Prince's Paisley Park Opens To Public
Fans have arrived in Minnesota for the first public tours of Prince's Paisley Park compound, less than six months after the music superstar died there.
Visitors from as far away as Japan and Sweden were among the first to see the purple-lit studio complex outside Minneapolis, now a museum to Prince's life and legacy, according to news reports.
"This is Da Vinci's workshop," said Joel Weinshaker, whose Graceland Holdings, the company behind Elvis Presley's Graceland, was enlisted by Prince's heirs to manage Paisley Park.
The tour includes Prince's rehearsal rooms, private NPG music club and recording studio, where handwritten notes by the music icon have been left, reportedly untouched, on a music stand.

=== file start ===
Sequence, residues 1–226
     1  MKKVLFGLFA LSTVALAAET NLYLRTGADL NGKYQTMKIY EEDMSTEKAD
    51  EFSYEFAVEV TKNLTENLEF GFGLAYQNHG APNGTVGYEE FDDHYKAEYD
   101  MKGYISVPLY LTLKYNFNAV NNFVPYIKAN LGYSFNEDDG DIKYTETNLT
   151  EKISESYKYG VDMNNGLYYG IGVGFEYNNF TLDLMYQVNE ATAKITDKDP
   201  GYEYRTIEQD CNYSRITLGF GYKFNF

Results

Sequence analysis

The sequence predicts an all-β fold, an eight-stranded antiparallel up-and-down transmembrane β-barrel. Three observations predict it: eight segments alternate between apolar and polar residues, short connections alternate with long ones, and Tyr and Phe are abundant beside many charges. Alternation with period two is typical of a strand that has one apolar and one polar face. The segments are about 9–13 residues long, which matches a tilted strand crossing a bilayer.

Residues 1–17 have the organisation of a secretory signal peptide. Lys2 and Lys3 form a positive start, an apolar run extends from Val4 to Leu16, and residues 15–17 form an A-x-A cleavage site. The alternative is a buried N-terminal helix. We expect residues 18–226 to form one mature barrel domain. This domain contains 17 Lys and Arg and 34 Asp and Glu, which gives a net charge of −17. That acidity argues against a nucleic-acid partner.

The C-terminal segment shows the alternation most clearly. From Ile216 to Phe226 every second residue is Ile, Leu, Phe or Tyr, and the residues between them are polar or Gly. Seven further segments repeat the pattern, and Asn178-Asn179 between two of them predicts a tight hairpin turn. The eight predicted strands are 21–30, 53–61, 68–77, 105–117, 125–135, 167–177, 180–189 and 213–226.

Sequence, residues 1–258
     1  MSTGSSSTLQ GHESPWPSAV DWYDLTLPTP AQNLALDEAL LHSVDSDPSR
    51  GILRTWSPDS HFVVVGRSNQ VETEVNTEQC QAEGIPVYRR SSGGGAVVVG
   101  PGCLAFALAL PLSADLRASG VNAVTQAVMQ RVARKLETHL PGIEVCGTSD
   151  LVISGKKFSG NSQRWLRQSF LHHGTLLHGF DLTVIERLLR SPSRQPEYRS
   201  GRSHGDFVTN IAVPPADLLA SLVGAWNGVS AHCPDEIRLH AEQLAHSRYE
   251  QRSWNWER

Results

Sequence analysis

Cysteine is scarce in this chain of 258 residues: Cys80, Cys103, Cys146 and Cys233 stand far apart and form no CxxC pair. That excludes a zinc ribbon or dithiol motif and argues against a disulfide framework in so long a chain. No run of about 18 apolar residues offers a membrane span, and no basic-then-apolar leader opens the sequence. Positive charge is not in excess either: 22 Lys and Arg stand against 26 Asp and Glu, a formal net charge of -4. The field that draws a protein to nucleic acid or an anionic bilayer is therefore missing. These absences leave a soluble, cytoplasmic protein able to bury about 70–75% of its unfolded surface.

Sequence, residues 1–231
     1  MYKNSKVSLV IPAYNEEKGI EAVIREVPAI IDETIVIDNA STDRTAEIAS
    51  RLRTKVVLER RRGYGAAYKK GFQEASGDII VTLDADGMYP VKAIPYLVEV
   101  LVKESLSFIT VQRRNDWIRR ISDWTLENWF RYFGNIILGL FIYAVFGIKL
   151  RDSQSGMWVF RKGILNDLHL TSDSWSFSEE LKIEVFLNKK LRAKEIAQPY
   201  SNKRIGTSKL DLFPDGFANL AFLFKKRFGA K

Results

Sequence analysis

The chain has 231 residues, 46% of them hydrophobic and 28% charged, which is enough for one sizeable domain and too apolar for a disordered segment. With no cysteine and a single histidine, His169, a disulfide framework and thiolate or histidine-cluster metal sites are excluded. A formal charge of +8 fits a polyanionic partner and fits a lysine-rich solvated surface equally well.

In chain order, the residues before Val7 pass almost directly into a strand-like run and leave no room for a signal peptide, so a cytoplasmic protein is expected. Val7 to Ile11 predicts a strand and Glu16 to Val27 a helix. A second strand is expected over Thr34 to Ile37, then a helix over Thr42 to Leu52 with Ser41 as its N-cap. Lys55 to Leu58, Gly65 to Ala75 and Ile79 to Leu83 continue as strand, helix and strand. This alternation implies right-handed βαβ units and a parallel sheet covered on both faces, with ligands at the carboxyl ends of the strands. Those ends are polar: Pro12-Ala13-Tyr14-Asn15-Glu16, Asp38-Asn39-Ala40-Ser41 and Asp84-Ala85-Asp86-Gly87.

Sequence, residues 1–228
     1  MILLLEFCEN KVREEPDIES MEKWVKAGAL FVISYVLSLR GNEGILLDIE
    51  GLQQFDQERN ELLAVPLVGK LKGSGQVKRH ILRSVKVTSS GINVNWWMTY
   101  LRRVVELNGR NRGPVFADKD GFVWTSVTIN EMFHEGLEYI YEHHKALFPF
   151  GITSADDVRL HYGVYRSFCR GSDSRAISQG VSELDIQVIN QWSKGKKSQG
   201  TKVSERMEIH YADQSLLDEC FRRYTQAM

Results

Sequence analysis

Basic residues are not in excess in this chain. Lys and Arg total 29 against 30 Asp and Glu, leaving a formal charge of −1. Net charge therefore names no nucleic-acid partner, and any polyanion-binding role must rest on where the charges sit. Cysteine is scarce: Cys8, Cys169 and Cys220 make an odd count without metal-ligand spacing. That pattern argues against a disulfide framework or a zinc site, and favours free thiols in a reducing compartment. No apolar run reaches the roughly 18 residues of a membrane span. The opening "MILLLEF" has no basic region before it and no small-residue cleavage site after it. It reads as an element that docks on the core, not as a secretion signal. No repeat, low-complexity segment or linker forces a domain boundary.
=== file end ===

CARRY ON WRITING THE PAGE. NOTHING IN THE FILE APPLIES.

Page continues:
Costumes, instruments, the motorcycle Prince rode in his hit 1984 movie "Purple Rain" - and the Oscar he won for it - are all on display, along with snippets of unreleased music.
"Prince saved everything," archivist Angie Marchese told NBC television.
Prince's private residence, where he was found dead in an elevator April 21 after what was ruled an accidental overdose of prescription painkillers, is not part of the tour.